Preprogramming materials to shape shift at a given time (w/ video)

September 28, 2016 by Bob Yirka, Phys.org report

(Phys.org)—A team of researchers with the University of North Carolina at Chapel Hill and the University of Akron has devised a method to shape shift materials into a preconditioned state at a preprogrammed time. They have published a paper in the journal Nature Communications describing their materials and how they can be programmed and have created a video that shows the shape shifting in action.

Creating materials that can change shape under given conditions would be useful in a variety of applications, including space-based constructions, microstructures for delivering medications inside the human body or monitoring abilities. Up until now, however, such constructs have relied on an external stimulus to cause the change to occur, e.g. heat, light or even a change in pH level. In this new effort, the researchers have developed a material that can be caused to initiate shape shifting at a preprogrammed time.

The team created their materials by making use of two different types of chemical bonds—dynamic and permanent—using hydrogel polymers that were similar to human cartilage. The dynamic bonds control the change in state while the permanent bonds control the final state of the material after it has shape shifted. The energy that is stored due to folding is what ultimately drives the transformation. Preprogramming is done by adjusting the parameters that define the bonds such as location, strength and number. The team reports that they can control the shape shifting to within hours, minutes or even seconds.

The team also reports that they created many objects to test the materials. To demonstrate the effectiveness of their approach, they created a flower that blooms over time with different parts opening after others, just as occurs in nature. They filmed the action, speeded it up, and then posted a video of the results on YouTube. The team also notes that they believe such material could be used to deliver drugs in the body in a novel way—they would be transported to the site where they are needed and delivered when the material shifted, allowing the drug to be released.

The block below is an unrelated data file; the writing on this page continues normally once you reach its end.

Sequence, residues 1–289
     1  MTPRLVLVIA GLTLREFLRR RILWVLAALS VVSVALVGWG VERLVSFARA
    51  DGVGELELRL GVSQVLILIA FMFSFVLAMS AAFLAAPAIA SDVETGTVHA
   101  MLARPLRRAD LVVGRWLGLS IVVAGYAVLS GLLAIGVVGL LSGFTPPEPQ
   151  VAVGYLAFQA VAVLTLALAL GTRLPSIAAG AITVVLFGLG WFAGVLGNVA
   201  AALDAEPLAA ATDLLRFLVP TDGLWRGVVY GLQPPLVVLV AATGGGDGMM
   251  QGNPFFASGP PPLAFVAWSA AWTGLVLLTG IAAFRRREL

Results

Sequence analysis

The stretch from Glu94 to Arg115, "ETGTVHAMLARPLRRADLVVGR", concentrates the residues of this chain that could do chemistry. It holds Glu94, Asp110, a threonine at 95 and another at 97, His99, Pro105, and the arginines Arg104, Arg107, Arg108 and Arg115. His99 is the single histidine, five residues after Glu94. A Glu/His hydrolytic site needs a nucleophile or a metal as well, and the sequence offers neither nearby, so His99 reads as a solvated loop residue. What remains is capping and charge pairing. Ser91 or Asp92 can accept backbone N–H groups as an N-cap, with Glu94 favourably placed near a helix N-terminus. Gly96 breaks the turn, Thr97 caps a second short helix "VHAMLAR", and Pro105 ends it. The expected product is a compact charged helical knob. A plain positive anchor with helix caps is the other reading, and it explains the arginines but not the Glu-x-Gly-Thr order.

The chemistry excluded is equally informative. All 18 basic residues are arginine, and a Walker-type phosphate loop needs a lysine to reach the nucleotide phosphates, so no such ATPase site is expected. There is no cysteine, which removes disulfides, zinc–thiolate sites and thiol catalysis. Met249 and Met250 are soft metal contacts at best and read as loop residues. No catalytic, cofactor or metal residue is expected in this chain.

Sequential ‘blooming’ of an artificial flower, which has been assembled from individually programed petals Supplementary Movie 4. Credit: Sheiko et al. Nature Communications

Explore further: Heat, light stimulate self-assembly: Researchers develop shape-changing 'smart' material

More information: Xiaobo Hu et al. Programming temporal shapeshifting, Nature Communications (2016). DOI: 10.1038/ncomms12919

Abstract
Shapeshifting enables a wide range of engineering and biomedical applications, but until now transformations have required external triggers. This prerequisite limits viability in closed or inert systems and puts forward the challenge of developing materials with intrinsically encoded shape evolution. Herein we demonstrate programmable shape-memory materials that perform a sequence of encoded actuations under constant environment conditions without using an external trigger. We employ dual network hydrogels: in the first network, covalent crosslinks are introduced for elastic energy storage, and in the second one, temporary hydrogen-bonds regulate the energy release rate. Through strain-induced and time-dependent reorganization of the reversible hydrogen-bonds, this dual network allows for encoding both the rate and pathway of shape transformations on timescales from seconds to hours. This generic mechanism for programming trigger-free shapeshifting opens new ways to design autonomous actuators, drug-release systems and active implants.

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